This week, the Internet and its governance experienced a significant accountability failure. This failure had two faces: the first one concerned the Australian government’s choice to put pressure on tech companies to strike a deal with traditional publishers, led by NewsCorp. The second one was Facebook’s drastic move to block news’ content, essentially preventing the ability of its users to see and share news on its platform.
Let’s take things from the beginning.
Earlier this year, the Australian government drew legislation “to level the playing field” on profits between technology platforms and traditional publishers. The Mandatory Code of Conduct would compel technology platforms with significant market power to enter in negotiations with registered publishers that earn over $150,000 AUS a year and are in compliance with the Australian news and media codes of ethics. On Wednesday, the law passed the lower house of the parliament and, with cross-party support, it is expected to pass the Senate next week.
Google complied with the law. Facebook decided not to.
This is not a first. Last year, the French government, in a similar move, instructed Google to negotiate in “good faith” with publishers, which resulted in Google negotiating a reported $76 million payout deal. The deal was the outcome of France’s attempt to enforce article 11, often referred to as the “link tax”, of Europe’s controversial copyright directive.
There are a lot of issues with the “link tax”. Public Knowledge’s Harold Feld provides a very good account of what these are, here. Other sources also have pointed to the concerns over the uncertainty of its effectiveness.
But, here, I want to talk a bit about the Internet. Not a lot of people talk about what all this is doing to the Internet.
In 1997, Tim Berners-Lee wrote:
“Normal hypertext links do not of themselves imply that the document linked to is part of, is endorsed by, or endorses, or has related ownership or distribution terms as the document linked from. However, embedding material by reference (sometimes called an embedding form of hypertext link) causes the embedded material to become a part of the embedding document.”
So, the hypertext link is nothing more than a reference.
Further down, Berners-Lee continues:
“Meaning in contentSo the existence of the link itself does not carry meaning. Of course the contents of the linking document can carry meaning, and often does. So, if one writes "See Fred's web pages (link) which are way cool" that is clearly some kind of endorsement. If one writes "We go into this in more detail on our sales brochure (link)" there is an implication of common authorship. If one writes "Fred's message (link) was written out of malice and is a downright lie" one is denigrating (possibly libellously) the linked document. So the content of hypertext documents carry meaning often about the linked document, and one should be responsible about this. In fact, clarifying the relative status of the linked document is often helpful to the reader.”
The reason everything is wrong with the “link tax” is stated above. It treats the hyperlink as something that carries a specific meaning. When hyperlinks are shared through platforms and search engines, they neither “endorse” nor “claim authorship”.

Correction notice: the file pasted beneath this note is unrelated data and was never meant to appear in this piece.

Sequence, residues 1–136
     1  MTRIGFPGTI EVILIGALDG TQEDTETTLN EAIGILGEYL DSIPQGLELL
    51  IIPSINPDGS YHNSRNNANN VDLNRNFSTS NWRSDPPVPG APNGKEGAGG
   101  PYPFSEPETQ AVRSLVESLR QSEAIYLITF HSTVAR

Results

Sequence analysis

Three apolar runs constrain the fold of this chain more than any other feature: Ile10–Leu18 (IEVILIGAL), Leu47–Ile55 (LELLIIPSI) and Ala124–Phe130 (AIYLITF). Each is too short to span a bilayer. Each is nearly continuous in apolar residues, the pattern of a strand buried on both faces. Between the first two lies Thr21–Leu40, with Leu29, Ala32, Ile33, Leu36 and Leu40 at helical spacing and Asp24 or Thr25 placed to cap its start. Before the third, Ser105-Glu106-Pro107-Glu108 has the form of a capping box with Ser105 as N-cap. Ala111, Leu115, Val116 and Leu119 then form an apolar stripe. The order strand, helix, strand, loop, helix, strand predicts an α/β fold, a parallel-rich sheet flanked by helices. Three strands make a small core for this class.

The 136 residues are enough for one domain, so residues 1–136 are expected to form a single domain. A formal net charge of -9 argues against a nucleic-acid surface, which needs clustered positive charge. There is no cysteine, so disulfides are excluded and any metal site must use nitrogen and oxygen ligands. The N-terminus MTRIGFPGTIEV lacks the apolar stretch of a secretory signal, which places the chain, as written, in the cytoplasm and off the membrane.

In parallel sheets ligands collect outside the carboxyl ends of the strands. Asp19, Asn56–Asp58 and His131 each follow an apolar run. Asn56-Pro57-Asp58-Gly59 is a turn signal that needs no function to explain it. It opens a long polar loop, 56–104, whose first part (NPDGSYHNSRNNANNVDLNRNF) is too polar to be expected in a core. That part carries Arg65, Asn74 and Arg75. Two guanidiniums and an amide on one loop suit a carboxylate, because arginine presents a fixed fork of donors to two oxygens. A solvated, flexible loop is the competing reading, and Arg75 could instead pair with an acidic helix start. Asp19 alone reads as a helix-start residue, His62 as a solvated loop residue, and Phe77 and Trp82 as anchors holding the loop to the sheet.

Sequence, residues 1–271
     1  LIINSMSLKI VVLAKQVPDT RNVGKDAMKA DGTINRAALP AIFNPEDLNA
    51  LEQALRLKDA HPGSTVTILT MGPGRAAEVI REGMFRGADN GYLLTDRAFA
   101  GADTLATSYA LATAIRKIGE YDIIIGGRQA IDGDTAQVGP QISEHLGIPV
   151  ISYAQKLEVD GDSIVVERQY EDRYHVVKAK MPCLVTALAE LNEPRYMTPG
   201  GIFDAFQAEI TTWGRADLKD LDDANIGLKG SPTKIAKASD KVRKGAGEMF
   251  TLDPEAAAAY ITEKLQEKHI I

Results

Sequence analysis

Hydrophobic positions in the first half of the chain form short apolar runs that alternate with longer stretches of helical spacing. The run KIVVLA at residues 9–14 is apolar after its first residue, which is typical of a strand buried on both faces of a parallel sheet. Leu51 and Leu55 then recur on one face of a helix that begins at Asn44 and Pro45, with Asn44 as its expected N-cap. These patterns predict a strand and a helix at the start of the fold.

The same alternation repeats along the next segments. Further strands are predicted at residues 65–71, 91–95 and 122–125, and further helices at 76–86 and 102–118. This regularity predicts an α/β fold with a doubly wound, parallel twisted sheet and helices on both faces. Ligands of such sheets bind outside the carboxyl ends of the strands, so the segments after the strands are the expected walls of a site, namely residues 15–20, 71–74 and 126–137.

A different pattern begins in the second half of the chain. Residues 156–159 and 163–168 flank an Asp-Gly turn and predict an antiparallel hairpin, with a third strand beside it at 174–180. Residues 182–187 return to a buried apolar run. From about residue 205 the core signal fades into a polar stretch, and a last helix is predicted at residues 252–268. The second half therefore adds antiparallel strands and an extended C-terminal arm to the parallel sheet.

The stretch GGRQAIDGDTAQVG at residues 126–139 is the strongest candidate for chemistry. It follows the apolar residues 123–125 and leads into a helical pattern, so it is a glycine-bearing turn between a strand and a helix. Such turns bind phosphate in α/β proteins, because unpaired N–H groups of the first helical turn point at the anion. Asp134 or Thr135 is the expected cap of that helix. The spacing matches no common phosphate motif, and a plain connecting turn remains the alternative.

The “existence of the link itself does not carry meaning”.
This changes fundamentally the meaning and scope of hyperlinks. It ascribes to them a meaning they are not meant to have.
This debate not just about Facebook or the Australian government or publishers. This is about the web.
And, the implications of the “link tax” go further down the architecture stack.
Here’s what Internet Society’s (and my boss) Andrew Sullivan said about the “link tax” in 2018:
“The link tax, as described, well, to the extent it's ever been described, is actually impossible. It's technically impossible because nobody will ever deploy it. The only way that it will ever get deployed is if everybody agreed that I really want to be taxed.”
That does not seem plausible.
“And since it's unlikely that people are going to sign up to be taxed, then they're never going to click on a link that causes them to be taxed. All of the clients will simply not implement the necessary technical requirements to, you know, to cause the tax to take effect. And there are only two possibilities at that point. Either the government authority can say, well, you're not allowed to use a board compatible mechanism in which case the ‑‑ backward compatible mechanism in which case the internet is over. Or, you are allowed to use a backward compatible linking mechanism in which case only the backward compatible mechanism is going to be deployed by clients. Those are the only two possibilities and I've yet to have anybody explain to me how we get out of that. On the internet if you actually want people to deploy things you have to give them a reason to deploy it. “
So, this whole debate is not only about Facebook or governmental policy. It is about the Internet’s goal to be trustworthy, open, secure and global. Conditions like integrity, reliability, availability, accessibility matter for the Internet. They should matter in any policy. And, in the case of Australia, they evidently don’t.
The Australia and France cases are not going to kill the Internet. They are deep cuts to its architecture, but they are not fatal. If the Internet dies, it will die of a thousand cuts. The BBC has reported that Scott Morrison, Australia’s Prime Minister, has already spoken with India’s Narendra Modi and is seeking international support. Here’s your thousand cuts – the possibility of the ‘link tax’ exploding as an international policy.
So, to sum up: Australia’s Code is a terrible policy. Facebook’s decision was out of self-interest. The Internet is the casualty.